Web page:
For instance, a good understanding of the products will help the team understand the revenue and cost drivers better, which will help them with forecasting.
Likewise, a good understanding of the sales commission structure will enable the team to decipher what proportion of the commission is to be accounted for as fixed cost and what proportion as variable and perhaps contra-revenue.
These attributes will in turn enable the finance team to have more informed and intelligent conversations with business units.
Understand the organization’s goals. Understanding the business unit’s goals such as the outlook for the next five years, investments available and the products and regions it will focus on will help the CFO direct and align his day-to-day decision making efforts.
Finance will be in a position to use that knowledge intelligently in conversations with the business fraternity, for example with regards to a product launch or a marketing campaign. Every action taken will be a step in the direction of meeting the organization's stated goal(s).
The CFO and his team act as a bridge between management intention and result realization.
Report Fast on a Robust MIS
In today's dynamic world, it is imperative that quick and sound business decisions are made. This can be made possible by making sure decision-making is backed by a strong management information system (MIS) framework. MIS reports should be constantly updated so as to capture key information about new lines of business, new campaigns and so on.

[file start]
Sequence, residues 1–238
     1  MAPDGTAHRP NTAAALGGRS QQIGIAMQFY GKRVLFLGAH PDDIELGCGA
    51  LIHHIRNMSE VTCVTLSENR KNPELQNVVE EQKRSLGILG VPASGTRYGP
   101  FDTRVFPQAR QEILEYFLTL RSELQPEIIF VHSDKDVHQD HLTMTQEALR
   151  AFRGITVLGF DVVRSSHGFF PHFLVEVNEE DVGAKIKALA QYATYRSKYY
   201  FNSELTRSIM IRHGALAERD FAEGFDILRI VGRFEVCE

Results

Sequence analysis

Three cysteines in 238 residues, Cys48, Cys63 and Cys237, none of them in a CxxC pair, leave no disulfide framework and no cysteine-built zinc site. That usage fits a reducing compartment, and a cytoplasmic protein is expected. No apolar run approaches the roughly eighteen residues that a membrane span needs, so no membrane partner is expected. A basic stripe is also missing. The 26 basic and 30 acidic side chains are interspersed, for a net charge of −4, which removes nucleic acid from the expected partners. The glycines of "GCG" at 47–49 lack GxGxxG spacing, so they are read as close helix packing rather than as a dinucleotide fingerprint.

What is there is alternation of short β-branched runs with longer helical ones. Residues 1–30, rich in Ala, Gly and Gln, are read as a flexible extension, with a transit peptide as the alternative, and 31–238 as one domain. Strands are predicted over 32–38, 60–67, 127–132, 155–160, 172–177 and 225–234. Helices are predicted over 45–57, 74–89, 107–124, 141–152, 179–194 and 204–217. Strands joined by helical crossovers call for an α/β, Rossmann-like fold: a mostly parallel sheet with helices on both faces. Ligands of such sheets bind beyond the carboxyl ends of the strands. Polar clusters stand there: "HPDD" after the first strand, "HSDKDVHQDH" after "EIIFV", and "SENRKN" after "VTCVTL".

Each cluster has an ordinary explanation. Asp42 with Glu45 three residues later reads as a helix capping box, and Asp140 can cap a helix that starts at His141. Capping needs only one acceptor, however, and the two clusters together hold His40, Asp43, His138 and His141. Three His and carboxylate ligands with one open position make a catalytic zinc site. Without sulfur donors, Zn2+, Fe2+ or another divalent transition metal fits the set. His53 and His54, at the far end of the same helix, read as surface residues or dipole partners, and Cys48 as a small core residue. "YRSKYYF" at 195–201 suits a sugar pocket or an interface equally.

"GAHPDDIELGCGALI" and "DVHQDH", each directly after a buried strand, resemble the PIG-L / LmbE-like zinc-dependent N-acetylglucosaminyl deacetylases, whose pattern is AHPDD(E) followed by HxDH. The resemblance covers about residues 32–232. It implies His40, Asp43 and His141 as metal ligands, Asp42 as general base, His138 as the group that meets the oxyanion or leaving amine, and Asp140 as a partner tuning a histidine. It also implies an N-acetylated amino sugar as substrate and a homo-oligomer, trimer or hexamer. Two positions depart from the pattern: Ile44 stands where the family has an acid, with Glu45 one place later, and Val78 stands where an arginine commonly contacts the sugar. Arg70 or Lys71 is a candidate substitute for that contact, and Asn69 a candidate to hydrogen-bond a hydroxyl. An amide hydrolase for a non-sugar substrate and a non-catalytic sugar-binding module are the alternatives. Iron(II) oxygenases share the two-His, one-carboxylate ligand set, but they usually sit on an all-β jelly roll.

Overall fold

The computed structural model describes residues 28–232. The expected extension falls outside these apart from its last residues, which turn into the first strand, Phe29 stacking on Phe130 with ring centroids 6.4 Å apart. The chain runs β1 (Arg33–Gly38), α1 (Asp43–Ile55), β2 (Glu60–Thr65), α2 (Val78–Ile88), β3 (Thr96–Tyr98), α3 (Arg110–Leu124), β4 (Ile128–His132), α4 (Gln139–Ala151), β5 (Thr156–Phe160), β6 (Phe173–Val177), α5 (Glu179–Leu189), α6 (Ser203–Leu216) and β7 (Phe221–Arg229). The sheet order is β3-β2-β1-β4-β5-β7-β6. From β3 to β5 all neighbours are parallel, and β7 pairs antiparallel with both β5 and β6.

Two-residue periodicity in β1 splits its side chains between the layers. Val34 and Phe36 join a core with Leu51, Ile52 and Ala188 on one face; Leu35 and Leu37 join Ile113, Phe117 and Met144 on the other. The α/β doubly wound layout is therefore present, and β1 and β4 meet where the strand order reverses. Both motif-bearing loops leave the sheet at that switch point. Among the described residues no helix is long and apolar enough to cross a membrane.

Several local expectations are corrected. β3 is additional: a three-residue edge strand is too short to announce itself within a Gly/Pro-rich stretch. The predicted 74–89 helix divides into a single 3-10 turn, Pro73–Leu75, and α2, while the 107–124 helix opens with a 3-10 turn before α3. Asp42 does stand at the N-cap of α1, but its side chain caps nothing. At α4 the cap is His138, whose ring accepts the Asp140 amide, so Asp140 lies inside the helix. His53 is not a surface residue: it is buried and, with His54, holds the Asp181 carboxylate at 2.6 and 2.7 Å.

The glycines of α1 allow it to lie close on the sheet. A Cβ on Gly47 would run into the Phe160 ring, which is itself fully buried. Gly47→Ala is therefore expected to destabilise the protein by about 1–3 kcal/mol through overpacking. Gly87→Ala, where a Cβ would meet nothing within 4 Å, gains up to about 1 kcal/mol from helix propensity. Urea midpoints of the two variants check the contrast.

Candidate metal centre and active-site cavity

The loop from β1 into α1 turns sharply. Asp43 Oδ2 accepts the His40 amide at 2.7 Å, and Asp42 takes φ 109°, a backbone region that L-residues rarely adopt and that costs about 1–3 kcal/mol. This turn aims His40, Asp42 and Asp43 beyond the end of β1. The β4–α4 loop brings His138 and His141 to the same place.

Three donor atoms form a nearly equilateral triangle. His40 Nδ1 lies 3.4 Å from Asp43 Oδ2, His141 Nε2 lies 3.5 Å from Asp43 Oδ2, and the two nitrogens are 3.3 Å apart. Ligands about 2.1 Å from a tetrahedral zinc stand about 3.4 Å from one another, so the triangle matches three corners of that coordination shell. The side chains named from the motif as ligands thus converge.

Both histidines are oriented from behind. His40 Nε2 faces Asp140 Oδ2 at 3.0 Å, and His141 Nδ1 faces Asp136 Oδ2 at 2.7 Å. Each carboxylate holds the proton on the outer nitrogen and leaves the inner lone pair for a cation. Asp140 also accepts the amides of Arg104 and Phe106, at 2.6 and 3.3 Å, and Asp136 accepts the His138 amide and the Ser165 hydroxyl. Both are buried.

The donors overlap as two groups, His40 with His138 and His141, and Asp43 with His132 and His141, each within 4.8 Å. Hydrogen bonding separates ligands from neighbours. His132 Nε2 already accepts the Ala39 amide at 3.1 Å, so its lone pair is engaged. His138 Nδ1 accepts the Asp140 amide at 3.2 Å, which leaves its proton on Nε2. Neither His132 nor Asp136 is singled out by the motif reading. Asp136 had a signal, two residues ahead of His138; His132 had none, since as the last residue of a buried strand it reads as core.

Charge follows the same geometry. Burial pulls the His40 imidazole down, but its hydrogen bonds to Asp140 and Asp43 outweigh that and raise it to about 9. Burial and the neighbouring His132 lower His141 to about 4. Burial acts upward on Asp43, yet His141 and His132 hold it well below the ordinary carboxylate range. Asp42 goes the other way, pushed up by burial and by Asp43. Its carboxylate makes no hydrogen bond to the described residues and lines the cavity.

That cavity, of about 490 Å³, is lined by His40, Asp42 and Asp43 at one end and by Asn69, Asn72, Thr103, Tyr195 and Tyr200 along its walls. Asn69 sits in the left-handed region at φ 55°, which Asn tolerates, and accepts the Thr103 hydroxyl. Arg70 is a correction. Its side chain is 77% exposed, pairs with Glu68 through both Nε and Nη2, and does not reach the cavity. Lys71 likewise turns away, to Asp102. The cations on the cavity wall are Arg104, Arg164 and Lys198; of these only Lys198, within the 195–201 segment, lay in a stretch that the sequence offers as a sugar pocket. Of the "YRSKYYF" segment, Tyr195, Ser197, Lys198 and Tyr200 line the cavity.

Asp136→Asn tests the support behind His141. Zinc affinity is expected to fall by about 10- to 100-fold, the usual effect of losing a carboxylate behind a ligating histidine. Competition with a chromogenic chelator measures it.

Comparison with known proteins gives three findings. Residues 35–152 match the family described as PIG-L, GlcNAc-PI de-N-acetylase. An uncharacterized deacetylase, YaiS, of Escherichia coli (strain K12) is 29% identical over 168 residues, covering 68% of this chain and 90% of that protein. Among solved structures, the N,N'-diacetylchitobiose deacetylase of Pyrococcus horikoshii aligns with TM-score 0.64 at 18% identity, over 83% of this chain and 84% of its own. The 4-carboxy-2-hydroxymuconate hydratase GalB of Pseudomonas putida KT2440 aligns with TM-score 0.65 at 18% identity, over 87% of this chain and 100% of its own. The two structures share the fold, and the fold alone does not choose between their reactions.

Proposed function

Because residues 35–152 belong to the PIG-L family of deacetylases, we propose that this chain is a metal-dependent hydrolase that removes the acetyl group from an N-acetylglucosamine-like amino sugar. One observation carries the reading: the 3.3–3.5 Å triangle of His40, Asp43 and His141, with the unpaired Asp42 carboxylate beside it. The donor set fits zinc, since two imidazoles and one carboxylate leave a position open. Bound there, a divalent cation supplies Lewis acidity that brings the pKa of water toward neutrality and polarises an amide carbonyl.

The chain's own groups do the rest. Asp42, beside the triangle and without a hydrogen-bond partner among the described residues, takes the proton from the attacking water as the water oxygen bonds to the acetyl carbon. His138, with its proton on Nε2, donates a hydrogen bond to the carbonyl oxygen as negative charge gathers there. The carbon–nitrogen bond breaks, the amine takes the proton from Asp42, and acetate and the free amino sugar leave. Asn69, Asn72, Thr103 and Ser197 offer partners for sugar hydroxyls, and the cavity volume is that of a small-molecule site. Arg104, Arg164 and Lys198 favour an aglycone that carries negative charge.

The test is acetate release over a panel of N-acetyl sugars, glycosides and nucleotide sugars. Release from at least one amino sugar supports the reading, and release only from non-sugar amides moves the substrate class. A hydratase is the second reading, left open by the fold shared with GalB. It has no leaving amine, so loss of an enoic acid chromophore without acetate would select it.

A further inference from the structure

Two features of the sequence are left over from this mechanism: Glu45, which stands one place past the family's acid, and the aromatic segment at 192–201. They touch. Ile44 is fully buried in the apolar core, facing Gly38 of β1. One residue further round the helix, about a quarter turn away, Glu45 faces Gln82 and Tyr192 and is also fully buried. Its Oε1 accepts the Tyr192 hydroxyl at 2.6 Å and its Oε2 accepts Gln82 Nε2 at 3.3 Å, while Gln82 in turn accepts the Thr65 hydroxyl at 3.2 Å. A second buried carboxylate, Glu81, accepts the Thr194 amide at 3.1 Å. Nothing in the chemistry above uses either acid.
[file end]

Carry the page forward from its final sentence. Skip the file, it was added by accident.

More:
Provide timely, reliable and relevant information. The CFO needs to make sure that, on a periodic basis, a standard financial performance report is delivered to management, including business heads, and that it is well understood.
The finance team's conversations with business typically revolve around facts. So it is important that the key indicators of performance are made available to all concerned. This will ensure that the discussions are based on factual data that everyone has access to.
It is also often the case that certain performance indicators are published in more than one report in an organization. For example, the sales volume may feature not only in the finance report, but also in the sales report.
An important aspect of the finance function's responsibilities is to educate others in the business and help them gain a better understanding of the impact of their actions on the financials